The Mets plan to temporarily demote Zack Wheeler to the minors after tonight’s start, then officially re-promote him Tuesday for his next scheduled start at the Chicago White Sox, according to ESPN New York.
Because Wheeler is technically the Mets’ 26th player for today’s doubleheader, they can demote him after today’s game without the requirement he spend 10 days in the minors before returning applying. No option will be burned by Wheeler’s procedural, temporary minor league assignment. That also means Wheeler will not collect MLB service time between starts, further ensuring he will not qualify for an extra year of arbitration as a Super 2.
Lets take one last look at this young gun before he takes the hill for his debut…
Zack (Harrison) Wheeler was born on May 30th, 1990 in Smyrna, Georgia. As a high school player, he attended East Paulding where he compiled a 95-36 record as a varsity athlete over four seasons. His junior year he had eights wins against three losses and had 127 strikeouts over 64 1/3 innings and pitched to a 1.31 ERA. The following season (2009), Wheeler finished undefeated 9-0, with 151 Ks over 77 2/3 IP and a 0.54 ERA.
A scouting report by Perfect Game at the time read
Big projection, 90-93 fastball at Perfect Game National, very effortless, three quality pitches, good command, 94 at WWBA, 92 at ECP, up to 95 at Aflac.
Scouting reports of Wheeler, along with his overall body of work as an amateur player were enough to convince the San Francisco Giants to draft him sixth overall in the 2009 MLB Draft.
He started his professional career in 2010 at the Single-A level for the Augusta GreenJackets. Relative to his high school numbers, he disappointed as he went 3-3 with a 3.99 ERA in 58 2.3 IP. However he did have 70 Ks, which proved that his stuff was there, but his command needed some work.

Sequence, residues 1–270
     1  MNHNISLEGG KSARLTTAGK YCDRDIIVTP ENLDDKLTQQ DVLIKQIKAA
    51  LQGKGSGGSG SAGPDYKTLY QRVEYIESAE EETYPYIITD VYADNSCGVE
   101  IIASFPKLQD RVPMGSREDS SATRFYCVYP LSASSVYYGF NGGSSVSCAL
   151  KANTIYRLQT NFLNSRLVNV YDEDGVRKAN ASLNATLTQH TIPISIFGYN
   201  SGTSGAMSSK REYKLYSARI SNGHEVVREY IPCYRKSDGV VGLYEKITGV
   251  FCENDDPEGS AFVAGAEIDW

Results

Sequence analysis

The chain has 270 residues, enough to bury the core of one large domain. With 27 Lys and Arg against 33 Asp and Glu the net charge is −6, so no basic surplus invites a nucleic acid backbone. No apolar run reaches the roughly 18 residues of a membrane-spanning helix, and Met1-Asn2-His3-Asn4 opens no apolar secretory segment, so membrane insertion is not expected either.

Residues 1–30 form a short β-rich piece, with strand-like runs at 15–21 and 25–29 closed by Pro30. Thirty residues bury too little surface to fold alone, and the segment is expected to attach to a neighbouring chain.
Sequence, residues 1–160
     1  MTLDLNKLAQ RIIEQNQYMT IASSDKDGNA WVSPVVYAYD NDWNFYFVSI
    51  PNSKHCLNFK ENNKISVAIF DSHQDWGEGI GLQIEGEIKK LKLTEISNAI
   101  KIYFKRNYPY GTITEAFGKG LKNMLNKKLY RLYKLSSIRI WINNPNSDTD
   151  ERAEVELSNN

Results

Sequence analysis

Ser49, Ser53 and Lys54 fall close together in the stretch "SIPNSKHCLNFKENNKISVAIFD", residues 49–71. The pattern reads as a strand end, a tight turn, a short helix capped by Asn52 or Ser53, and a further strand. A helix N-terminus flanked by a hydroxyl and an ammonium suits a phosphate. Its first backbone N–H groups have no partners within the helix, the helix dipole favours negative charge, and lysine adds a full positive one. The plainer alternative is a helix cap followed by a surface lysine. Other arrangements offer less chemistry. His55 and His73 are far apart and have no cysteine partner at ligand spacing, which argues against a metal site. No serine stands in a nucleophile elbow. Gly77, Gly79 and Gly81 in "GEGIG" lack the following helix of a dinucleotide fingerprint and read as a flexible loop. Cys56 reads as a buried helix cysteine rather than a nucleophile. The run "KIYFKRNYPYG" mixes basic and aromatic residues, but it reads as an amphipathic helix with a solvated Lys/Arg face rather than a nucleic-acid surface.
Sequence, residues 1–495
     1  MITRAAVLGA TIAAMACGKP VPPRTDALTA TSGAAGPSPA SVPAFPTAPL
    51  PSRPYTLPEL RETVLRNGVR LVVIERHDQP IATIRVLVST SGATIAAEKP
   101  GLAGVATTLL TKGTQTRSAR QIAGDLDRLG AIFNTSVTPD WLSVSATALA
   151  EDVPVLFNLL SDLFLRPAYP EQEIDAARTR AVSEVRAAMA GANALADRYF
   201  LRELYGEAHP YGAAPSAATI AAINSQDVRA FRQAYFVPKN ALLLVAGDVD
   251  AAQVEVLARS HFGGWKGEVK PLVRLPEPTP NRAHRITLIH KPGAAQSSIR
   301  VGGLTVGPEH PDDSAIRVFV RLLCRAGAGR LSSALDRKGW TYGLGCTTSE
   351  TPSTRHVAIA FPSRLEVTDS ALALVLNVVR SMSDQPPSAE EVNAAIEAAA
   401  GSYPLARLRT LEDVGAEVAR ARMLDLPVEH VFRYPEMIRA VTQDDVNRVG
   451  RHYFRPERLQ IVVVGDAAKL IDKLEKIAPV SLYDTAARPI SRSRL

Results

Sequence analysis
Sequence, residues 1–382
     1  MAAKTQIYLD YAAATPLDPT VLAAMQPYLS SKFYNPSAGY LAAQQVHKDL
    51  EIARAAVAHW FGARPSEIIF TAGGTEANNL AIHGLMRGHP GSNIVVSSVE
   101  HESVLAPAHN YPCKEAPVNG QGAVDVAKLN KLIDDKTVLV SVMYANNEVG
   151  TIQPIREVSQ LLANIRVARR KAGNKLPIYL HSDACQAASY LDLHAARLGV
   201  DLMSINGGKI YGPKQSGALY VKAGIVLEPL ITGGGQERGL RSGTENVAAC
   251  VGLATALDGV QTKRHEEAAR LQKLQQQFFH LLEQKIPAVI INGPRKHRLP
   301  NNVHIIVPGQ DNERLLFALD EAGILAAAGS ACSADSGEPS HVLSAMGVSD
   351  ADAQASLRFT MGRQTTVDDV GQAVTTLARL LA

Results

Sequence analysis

The following season, he began at Advanced A San Jose, an affiliate of the Giants, but then moved onto the St. Lucie Mets after he was traded for Carlos Beltran. As a Met, he pitched 27 innings with 31 Ks and a 2.00 ERA, but as a Giant he had near a 3.99 ERA in 88 IP with 98 Ks.
He began 2012 with Double-A Binghamton and was promoted to Triple-A Buffalo toward the end of the season where he logged 33 innings and pitched to a respectable 3.27 ERA as a 22-year-old.
In 2013, as the number one prospect for the Mets, he started in Las Vegas (the new AAA affiliate of the Mets). His walk rate dropped from 2012 to 2013 and his K/9 rose from 8.5 to 9.6 despite a rough beginning and a month long acclimation period to the Pacific Coast League. After a string of solid starts, the Mets front office called made the decision to promote him to make his MLB debut in the night-cap of today’s doubleheader against the Braves.
At 6’4, 185 lbs, Wheeler has a power pitcher’s body and possesses an “easy” throwing motion that allows him to maintain a high velocity throughout the game. His long arms creates deception and his quick arm action compounds this. On top of that, he comes out of his pitching motion in good fielding position.
One of his best attributes is his work ethic and demeanour on the mound. His has a competitive nature drives him to work very hard in between starts and is known to be a student of the game. He is also aggressive, as he is not afraid to pitch inside.
Fastball: High: 97-98 mph, Averages: 94-95, Has life and appears to explode past hitters when he throws it up the ladder. Throws a four-seamer and a two seamer he uses against righthanded hitters. Both are plus-pitches.
Curveball: 12-6 break and another plus-pitch. Does not command it in or out of the zone yet, but that will come in time.
Change-up: Throws it in the mid-80s. As of now it is a slightly below average pitch, and he often telegraphs the pitch because it “slows” his arm down.
Cutter: Relatively new pitch. Throws it in the upper 80s. It has good movement, but it is pretty raw. Again, it probably will not ever be a better-than-average pitch.
From all indications, scouts view Wheeler as a number two starter. The main issue is his lack of a solid third offering as well as spotty command. While both situations have improved since joining the Mets, he still has work to do.
Wheeler has a great work ethic and is dedicated to his continued improvement. I would bet money that he gets to that ceiling, but that remains to be seen. I am really excited to see him pitch tonight as we all catch a glimpse of one of the cornerstones of the Mets’ future.
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